All were wondering
In their hearts
Was he perhaps
Προσδοκῶντος δὲ τοῦ λαοῦ καὶ διαλογιζομένων πάντων ἐν ταῖς καρδίαις αὐτῶν περὶ τοῦ Ἰωάνου, μή ποτε αὐτὸς εἴη ὁ Χριστός,
This question about John the Baptist being the Messiah can be found in John, chapter 1:25, where the Pharisees asked this question. Here Luke said that the people were full of expectations (Προσδοκῶντος δὲ τοῦ λαοῦ). All were questioning or wondering in their hearts concerning John (καὶ διαλογιζομένων πάντων ἐν ταῖς καρδίαις αὐτῶν περὶ τοῦ Ἰωάνου). Was he perhaps the Christ, the Messiah (μή ποτε αὐτὸς εἴη ὁ Χριστός)? In other words, the question was not explicitly stated, but only thought about. They were wondering if John the Baptist, the son of Zechariah, was the expected Messiah or Christ.
“The word of God
Came to John,
The son of Zechariah,
In the wilderness.”
ἐγένετο ῥῆμα Θεοῦ ἐπὶ Ἰωάνην τὸν Ζαχαρίου υἱὸν ἐν τῇ ἐρήμῳ.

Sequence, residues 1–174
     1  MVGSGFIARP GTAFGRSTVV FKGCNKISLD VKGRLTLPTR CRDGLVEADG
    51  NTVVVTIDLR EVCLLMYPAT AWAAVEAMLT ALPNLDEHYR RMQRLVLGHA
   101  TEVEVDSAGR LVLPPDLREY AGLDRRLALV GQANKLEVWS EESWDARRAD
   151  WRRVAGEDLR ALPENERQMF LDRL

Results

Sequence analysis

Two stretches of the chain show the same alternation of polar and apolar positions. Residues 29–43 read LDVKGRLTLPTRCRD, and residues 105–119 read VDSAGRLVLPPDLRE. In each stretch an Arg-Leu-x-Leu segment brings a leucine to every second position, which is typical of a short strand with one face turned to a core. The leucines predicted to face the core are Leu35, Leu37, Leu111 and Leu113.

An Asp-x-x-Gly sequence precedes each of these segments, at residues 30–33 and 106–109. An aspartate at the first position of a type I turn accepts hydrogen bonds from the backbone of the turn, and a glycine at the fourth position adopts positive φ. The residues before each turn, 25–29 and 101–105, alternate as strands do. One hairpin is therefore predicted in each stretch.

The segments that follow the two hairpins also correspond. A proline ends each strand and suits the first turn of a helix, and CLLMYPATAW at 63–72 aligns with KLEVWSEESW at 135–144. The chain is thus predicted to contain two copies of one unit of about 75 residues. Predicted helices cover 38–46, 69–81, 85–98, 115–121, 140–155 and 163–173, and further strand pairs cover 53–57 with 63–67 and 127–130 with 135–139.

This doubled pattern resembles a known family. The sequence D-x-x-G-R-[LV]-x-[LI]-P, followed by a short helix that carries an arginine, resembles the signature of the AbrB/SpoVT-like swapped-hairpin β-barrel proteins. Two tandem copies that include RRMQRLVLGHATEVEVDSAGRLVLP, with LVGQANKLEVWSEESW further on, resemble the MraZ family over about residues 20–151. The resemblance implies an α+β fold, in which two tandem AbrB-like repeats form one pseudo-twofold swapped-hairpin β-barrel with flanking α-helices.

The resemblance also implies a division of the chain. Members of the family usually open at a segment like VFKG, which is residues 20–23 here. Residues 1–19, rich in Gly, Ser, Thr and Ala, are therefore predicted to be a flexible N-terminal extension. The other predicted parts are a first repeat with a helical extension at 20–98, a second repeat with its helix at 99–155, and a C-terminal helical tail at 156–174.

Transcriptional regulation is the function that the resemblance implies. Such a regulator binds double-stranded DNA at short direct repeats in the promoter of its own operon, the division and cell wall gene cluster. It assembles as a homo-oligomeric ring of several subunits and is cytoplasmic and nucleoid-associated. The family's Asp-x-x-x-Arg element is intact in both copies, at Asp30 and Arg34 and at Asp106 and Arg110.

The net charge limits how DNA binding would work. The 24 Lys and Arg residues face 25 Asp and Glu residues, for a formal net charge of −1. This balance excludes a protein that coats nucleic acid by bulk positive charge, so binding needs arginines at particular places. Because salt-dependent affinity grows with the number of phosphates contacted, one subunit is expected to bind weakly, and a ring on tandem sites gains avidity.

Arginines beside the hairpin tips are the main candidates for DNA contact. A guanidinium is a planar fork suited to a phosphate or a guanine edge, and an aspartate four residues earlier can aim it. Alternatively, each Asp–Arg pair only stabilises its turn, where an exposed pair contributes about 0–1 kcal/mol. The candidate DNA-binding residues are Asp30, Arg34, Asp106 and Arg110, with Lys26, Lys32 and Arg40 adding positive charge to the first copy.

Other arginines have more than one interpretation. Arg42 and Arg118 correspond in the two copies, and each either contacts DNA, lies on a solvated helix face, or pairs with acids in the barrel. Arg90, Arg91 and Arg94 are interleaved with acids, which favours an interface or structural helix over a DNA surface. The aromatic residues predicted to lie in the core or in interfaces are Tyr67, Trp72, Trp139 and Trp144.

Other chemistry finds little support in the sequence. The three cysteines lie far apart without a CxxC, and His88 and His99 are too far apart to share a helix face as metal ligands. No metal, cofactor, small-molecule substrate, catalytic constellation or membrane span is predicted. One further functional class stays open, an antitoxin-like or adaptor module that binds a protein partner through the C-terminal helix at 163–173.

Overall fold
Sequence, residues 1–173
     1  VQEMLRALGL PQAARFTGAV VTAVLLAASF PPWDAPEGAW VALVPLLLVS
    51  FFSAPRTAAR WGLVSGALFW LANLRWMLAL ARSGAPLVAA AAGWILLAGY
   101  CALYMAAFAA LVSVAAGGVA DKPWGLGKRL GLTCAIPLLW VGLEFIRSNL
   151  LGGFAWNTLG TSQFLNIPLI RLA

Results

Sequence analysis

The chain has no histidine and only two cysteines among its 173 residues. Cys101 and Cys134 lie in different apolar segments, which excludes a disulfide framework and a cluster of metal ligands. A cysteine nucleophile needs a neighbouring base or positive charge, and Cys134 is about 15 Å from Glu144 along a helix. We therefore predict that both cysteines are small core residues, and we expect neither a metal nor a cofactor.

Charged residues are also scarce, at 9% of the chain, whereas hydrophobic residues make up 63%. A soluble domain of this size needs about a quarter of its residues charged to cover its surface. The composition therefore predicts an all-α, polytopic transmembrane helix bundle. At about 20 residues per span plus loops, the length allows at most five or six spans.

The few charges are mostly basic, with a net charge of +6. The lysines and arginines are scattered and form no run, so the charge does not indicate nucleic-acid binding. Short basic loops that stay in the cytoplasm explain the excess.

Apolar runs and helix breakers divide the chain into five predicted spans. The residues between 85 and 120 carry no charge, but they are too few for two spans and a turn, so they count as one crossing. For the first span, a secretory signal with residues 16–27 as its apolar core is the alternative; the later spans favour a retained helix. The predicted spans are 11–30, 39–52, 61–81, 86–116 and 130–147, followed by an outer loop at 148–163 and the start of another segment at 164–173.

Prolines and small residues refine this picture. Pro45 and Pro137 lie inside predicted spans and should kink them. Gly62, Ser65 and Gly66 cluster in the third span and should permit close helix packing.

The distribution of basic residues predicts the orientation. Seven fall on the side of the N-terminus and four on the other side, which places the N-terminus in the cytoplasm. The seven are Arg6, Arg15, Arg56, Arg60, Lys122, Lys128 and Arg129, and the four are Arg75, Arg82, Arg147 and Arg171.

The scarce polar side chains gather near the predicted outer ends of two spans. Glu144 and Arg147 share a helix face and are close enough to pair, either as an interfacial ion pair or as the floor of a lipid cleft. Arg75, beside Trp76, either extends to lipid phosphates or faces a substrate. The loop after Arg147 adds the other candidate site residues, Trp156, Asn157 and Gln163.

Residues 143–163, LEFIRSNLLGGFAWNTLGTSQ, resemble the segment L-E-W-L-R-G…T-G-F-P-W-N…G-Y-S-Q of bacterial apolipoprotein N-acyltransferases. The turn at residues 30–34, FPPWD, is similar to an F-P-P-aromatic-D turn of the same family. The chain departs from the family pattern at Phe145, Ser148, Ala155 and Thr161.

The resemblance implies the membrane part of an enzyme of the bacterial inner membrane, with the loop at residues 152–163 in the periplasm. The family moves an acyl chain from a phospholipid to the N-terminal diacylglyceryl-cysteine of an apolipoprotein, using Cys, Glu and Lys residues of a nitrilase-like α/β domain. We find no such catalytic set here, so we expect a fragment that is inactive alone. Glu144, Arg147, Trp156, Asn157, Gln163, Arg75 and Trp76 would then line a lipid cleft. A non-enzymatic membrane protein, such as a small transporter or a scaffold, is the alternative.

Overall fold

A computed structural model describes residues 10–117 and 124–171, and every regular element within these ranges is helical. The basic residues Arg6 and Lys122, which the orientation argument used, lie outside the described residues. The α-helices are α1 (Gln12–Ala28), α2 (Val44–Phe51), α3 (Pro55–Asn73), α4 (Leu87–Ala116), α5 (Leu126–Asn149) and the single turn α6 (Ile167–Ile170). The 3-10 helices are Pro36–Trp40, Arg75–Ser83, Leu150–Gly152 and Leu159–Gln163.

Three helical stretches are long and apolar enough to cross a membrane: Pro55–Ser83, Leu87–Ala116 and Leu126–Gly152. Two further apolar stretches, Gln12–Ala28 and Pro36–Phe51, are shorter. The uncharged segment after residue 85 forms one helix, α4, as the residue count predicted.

Luke presented John like a prophet who was called like the other Israelite prophets. The word of God came or happened to John (ἐγένετο ῥῆμα Θεοῦ ἐπὶ Ἰωάνην), the son of Zechariah (τὸν Ζαχαρίου υἱὸν), in the wilderness or desert (ἐν τῇ ἐρήμῳ), just like it had come to many other ancient Jewish prophets. There should be no confusion about whom this John is because he was the son of Zechariah that was described in chapter 1. There is something similar, but not quite the same in all 4 gospel stories. In Mark, chapter 1:4, John appeared on the scene immediately after a citation from the prophet Isaiah. Matthew, chapter 3:1-2, seemed to follow Mark, since Mark began his gospel with this story. Matthew had John the Baptizer preaching in the wilderness or desert in Judea, southeast of Jerusalem and west of the Dead Sea. John, chapter 1:19, also introduced John the Baptist immediately after his prologue. Only Matthew and Luke have the infancy narratives before the introduction of John, who was central to the work of Jesus.